Everyone on the veterinary team plays a part in communicating, implementing and supporting the recommendations for life stage-based care.
End-of-life (EOL) care and decisionmaking embody the critical final stage in a pet’s life and are as important and meaningful as the sum of the clinical care provided for all prior life stages. EOL care should focus on maximizing patient comfort and minimizing suffering while providing a collaborative and supportive partnership with the caregiver client.
Risk assessment variables when determining an individualized vaccination plan from the 2020 AAHA/AAFP Feline Vaccination Guidelines .
Updates to the 2017 AAHA Canine Vaccination Guidelines .
In the face of the global coronavirus pandemic, and as emphasis on social distancing and sheltering-in-place continue to limit client and patient access to routine veterinary care, the following considerations have been developed to address vaccination protocols for dogs and cats seen in clinical practice.
The purpose of these guidelines is to provide practice teams with guidance for accurate diagnosis and optimal management of the canine and feline cancer patient. Because almost all pet owners have some acquaintance with cancer in their own lives, they will measure a veterinarian’s approach to managing an oncology case against their own experience. Perhaps to a greater degree than in other clinical situations, the client plays a prominent role in directing how a pet’s cancer is managed. For this reason, it is particularly important that veterinarians adopt an informed and systematic approach to managing an oncology case, including maintaining an active and empathetic dialogue with the owner in developing a treatment plan.
This paper provides a working framework for enhancing the well-being of senior pet dogs and cats. Approaches to screening the medical status of senior pets are described in detail, with particular emphasis on establishing baseline data in healthy animals, the testing of clinically ill animals, and assessing senior pets prior to anesthesia and surgery. The management of pain and distress and the application of hospice and palliative care are addressed. Advice on ways to approach euthanasia and dealing with end-of-life issues is also provided.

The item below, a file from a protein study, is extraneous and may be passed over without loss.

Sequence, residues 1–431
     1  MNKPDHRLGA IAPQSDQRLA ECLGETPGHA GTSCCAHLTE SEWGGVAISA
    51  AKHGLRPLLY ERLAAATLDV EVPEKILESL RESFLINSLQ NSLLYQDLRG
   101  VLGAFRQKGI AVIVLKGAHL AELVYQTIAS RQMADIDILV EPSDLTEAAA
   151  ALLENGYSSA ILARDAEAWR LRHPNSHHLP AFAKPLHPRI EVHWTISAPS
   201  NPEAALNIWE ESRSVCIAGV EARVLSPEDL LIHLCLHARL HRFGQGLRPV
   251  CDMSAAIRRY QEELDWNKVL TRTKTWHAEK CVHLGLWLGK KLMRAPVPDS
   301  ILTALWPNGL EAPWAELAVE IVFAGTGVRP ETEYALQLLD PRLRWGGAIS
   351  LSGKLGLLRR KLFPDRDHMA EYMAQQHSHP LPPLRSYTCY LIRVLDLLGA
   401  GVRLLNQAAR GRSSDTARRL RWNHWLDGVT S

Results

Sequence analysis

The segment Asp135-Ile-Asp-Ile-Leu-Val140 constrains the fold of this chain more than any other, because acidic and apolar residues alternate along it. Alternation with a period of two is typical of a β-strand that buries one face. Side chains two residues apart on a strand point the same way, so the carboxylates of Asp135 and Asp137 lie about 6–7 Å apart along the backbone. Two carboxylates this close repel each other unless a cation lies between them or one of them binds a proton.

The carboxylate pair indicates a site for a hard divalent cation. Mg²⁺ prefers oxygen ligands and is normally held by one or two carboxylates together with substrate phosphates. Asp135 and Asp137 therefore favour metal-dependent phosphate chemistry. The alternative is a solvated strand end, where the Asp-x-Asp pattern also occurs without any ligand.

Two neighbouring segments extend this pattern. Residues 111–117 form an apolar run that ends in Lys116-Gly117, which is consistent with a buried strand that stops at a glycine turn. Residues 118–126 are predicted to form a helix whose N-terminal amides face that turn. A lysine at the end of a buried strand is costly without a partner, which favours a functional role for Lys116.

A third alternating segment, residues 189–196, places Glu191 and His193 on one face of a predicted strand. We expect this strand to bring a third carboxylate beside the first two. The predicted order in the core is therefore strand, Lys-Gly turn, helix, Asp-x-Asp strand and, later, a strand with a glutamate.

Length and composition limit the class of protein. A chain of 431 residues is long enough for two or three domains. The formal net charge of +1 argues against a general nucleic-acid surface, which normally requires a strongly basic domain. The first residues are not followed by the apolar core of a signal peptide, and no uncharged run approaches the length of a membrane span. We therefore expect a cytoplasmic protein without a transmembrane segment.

Vaccination is one of the easiest and most important ways to protect your dog’s health. Yet in this age of “overvaccination” scares and “Dr. Google,” some pet owners are hesitant to vaccinate their dogs—even when it’s in the best interest of their beloved pooch.
The decision to vaccinate, even with core vaccines, should be based on a risk-benefit assessment for each cat and for each vaccine antigen. Benefits of vaccination should be balanced against the risk of adverse events, likelihood of exposure, and disease severity. Every effort should be made to ensure that cats are healthy before vaccination. However, concurrent illness (including retroviral infections) does not necessarily preclude vaccination.
The guidelines are an update and extension of the AAHA Canine Life Stage Guidelines published in 2012. A noteworthy change from the earlier guidelines is the division of the dog’s lifespan into five stages (puppy, young adult, mature adult, senior, and end of life) instead of the previous six. This simplified grouping is consistent with how pet owners generally perceive their dog’s maturation and aging process and provides a readily understood basis for an evolving, lifelong healthcare strategy.